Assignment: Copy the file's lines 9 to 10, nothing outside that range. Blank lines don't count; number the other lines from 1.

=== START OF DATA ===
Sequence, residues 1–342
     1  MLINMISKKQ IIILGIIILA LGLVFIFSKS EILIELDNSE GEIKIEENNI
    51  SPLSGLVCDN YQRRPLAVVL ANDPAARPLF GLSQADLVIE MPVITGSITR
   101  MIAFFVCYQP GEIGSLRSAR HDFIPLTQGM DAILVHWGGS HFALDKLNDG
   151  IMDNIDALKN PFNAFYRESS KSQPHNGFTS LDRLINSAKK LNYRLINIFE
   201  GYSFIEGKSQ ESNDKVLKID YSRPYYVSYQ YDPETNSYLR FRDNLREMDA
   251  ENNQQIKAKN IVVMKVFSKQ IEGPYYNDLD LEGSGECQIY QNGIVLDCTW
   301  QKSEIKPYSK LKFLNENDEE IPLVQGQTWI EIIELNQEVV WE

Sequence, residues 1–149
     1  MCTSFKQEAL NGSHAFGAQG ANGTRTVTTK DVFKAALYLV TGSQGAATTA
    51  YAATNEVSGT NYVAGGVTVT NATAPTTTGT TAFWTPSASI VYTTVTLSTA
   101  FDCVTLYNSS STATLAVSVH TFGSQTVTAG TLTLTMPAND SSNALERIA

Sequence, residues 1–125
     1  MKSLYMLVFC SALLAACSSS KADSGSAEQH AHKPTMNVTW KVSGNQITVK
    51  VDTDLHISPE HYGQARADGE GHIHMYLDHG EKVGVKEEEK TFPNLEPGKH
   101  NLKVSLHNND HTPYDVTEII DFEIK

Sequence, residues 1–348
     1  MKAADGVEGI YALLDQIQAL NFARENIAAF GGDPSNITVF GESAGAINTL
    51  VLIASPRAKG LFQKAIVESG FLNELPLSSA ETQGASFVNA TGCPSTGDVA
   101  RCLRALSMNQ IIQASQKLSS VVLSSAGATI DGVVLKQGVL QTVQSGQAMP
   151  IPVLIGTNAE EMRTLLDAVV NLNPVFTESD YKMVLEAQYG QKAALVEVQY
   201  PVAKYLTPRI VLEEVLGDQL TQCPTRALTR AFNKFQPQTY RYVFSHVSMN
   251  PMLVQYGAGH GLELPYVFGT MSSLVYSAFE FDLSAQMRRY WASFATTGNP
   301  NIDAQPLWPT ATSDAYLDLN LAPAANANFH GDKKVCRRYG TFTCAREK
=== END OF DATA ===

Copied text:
Sequence, residues 1–149
     1  MCTSFKQEAL NGSHAFGAQG ANGTRTVTTK DVFKAALYLV TGSQGAATTA